Antisemitic attacks in London could get more violent, campaigners warn

Will Taylor
News Reporter
Anti-semitic graffiti in the form of numbers, 9 11, and a Star of David, on a shop window in Belsize Park, north London (PA)

Antisemitic attacks in north London have blighted Hanukkah celebrations and could turn more violent, a non-governmental organisation has warned.

The Campaign Against Antisemitism group said politicians need to realise the scale of the problem or risk violent antisemitic attacks like a recent stabbing in New York being replicated in the UK.

The group’s fears follow a series of attacks aimed against Jewish people over Hanukkah, which was observed from 22-30 December, and have carried on into 2020 – with several reported in Stamford Hill, north London.

Stephen Silverman, the director of investigations and enforcement at Campaign Against Antisemitism, said: “We are seeing violent attacks being perpetrated with increasing frequency on the observant Jewish community in Stamford Hill.

“Police, politicians and above all prosecutors must now urgently take on board the reality that the epidemic of anti-Jewish hate crime on the streets of London can only be stemmed through rapid and zero-tolerance enforcement of the law.

“Failure to act urgently may result in the atrocities that have been committed on the other side of the Atlantic being replicated here in the UK.”

That appears to be a reference to the five people who were stabbed at a Hanukkah celebration at a rabbi’s home north of New York City on December 28.

A police officer exits the house where five people were stabbed at a Hasidic rabbi's home in Monsey, New York (Reuters)

The group has noted a series of alleged antisemitic attacks that took place in the last two weeks in north London, which have marred Hanukkah celebrations.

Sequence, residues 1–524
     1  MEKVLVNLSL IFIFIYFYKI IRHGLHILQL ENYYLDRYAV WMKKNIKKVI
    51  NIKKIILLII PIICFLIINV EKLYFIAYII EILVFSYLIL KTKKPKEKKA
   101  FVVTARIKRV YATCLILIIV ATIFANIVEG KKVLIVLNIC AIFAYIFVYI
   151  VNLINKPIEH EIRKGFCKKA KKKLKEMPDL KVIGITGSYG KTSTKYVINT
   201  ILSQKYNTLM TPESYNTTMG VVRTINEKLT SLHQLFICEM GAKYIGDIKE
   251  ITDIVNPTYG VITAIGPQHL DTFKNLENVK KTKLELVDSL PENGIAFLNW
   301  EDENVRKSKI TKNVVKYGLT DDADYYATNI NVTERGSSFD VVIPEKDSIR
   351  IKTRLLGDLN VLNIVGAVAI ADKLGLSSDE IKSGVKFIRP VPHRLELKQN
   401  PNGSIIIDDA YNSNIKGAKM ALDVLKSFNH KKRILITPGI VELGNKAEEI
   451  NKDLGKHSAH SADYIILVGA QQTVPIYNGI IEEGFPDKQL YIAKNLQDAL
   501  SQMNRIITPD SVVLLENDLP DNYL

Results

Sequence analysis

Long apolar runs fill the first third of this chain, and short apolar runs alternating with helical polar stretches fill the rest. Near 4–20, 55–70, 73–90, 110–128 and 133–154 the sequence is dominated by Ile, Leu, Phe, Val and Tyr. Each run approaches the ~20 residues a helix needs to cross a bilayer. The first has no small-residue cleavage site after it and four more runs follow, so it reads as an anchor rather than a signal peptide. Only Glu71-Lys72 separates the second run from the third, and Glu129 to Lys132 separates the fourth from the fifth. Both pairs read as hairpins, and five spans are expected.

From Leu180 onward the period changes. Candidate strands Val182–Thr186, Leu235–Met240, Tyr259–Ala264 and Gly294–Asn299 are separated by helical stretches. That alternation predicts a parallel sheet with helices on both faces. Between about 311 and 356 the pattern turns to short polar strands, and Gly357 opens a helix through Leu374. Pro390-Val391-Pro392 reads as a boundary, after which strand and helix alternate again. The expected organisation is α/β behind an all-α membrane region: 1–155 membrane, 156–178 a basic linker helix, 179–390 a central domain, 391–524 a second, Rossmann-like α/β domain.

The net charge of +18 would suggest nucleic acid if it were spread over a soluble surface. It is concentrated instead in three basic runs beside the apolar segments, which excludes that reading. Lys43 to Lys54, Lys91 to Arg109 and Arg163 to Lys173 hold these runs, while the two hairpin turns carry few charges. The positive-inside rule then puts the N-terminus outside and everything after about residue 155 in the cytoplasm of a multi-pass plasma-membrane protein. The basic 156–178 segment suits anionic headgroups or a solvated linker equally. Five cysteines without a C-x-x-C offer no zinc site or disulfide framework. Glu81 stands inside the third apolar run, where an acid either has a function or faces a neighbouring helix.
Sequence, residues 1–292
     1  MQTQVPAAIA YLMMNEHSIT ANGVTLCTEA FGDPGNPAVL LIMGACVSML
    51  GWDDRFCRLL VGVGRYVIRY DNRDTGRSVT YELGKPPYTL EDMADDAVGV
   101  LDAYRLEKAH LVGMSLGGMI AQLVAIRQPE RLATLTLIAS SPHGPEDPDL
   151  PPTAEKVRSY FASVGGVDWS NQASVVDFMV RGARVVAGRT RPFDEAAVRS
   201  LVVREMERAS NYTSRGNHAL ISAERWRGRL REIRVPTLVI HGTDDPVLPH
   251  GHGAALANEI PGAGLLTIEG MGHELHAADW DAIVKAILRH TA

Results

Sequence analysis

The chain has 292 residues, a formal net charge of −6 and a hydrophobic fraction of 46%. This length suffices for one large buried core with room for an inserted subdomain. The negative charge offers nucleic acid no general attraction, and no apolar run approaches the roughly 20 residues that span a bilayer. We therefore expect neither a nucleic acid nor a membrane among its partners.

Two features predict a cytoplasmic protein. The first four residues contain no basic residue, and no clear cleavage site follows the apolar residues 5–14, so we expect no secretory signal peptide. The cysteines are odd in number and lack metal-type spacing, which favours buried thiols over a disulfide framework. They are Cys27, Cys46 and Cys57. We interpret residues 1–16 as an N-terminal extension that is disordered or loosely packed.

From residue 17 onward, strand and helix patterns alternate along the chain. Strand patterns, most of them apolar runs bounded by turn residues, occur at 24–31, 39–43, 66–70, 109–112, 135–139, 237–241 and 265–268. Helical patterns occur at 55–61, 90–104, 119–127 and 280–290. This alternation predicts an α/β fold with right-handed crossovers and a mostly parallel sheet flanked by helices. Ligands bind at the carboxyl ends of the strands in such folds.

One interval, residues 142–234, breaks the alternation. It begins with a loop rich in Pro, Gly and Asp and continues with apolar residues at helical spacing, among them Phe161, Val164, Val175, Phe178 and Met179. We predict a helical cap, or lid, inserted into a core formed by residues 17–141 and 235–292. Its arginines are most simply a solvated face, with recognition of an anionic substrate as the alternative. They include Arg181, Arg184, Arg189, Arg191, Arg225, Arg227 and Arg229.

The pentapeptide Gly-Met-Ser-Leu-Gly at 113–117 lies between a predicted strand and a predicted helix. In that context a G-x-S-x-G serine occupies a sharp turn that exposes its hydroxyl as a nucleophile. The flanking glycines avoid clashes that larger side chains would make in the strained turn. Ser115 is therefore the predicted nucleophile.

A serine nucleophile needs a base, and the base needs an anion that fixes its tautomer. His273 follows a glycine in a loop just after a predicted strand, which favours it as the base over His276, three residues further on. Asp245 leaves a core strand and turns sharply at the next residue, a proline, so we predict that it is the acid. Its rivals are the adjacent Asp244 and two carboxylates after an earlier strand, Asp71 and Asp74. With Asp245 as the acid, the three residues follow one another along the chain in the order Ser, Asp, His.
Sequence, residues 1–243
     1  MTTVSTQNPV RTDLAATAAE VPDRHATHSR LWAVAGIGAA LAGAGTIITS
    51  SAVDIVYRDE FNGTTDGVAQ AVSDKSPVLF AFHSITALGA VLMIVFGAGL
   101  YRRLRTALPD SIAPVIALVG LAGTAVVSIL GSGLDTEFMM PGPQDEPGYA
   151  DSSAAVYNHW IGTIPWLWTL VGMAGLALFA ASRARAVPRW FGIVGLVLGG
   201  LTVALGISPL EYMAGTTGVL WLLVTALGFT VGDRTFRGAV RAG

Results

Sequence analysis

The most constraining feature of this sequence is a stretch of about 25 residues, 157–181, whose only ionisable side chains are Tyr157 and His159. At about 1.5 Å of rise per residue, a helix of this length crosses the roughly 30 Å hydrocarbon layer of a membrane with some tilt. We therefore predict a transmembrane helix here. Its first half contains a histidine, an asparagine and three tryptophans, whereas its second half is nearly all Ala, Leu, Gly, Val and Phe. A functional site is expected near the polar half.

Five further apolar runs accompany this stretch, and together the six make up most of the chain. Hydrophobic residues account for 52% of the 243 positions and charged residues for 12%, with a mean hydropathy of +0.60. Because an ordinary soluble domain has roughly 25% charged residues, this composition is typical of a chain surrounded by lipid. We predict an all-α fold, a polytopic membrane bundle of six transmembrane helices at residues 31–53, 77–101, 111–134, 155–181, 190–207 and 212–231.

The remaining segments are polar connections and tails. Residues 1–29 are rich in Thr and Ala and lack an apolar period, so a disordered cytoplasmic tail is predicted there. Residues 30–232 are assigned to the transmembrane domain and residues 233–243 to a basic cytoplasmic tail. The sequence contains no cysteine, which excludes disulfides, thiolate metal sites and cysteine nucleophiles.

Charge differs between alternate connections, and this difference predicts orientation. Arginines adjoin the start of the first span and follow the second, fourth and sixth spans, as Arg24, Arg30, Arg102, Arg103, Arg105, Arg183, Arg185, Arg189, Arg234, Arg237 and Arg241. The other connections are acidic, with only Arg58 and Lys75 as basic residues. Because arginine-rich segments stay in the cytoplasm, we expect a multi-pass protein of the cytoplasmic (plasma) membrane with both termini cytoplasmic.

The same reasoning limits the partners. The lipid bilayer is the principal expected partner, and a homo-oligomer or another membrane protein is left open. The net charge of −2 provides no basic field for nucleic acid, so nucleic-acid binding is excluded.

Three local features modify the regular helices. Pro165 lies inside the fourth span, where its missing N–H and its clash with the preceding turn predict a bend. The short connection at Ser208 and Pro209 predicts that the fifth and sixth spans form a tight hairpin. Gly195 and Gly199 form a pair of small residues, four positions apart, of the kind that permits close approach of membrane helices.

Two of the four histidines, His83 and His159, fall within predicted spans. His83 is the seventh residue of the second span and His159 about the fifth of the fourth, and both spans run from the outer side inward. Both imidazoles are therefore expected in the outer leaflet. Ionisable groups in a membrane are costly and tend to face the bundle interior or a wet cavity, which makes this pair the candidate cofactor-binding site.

It has listed nine reported incidents on its website, all reported by Stamford Hill Shomrim, a Jewish volunteer neighbourhood watch patrol that works to fight against antisemitism and prevent crime in the wider community.

The alleged incidents in the area include a Jewish man being pelted with a glass bottle by someone who shouted “dirty Jew” on 21 December, and a pedestrian who spat at the car of Jewish motorists while shouting “f***ing Jew” the following day.

On 26 December, a man allegedly walked into a kosher butcher’s shop shouting antisemitic abuse while pointing at Jewish people with a gun gesture.

High Road, in the Stamford Hill area, where a teenager is alleged to have been punched in the stomach (Google Maps)

On 1 January, the Campaign Against Antisemitism and Shomrim say a couple told a Jewish woman that “you Jewish people, you think you own the world, you stink”.

A Jewish man was punched in the face in an unprovoked attack on 4 January while two men threatened worshippers at a synagogue a day later, according to Shomrim.

On 5 January, a 13-year-old boy is reported as having been punched in the stomach while travelling on a bus and the attacker shouted “you stupid Jews think you own the world”.

The following day, a man shouted “f***ing Jewish c***” at a Jewish mother who was waiting with her baby for a taxi to the hospital, Shomrim has reported.

All incidents were reported to police and arrests have been made in relation to some of the cases.

Antisemitic graffiti also appeared in the Belsize Park area of north London between Christmas and the new year.

Symbols, including a Star of David and the numbers 9 and 11, were daubed in red and purple spray paint over several shopfronts and a synagogue.

Anti-semitic graffiti in the form of a 9/11 sprayed onto the outside of the South Hampstead Synagogue in north London. (PA)

That piece of graffiti is believed to be an antisemitic conspiracy that Jews were responsible for the 9/11 terror attack.

The graffiti was found less than two hours after the New York stabbings.

The Campaign Against Antisemitism says its analysis of Home Office figures show an average of more than three hate crimes are directed at Jews every day in England and Wales.

The group believes Jewish people are four times more likely to be targeted by hate crime than other faith groups.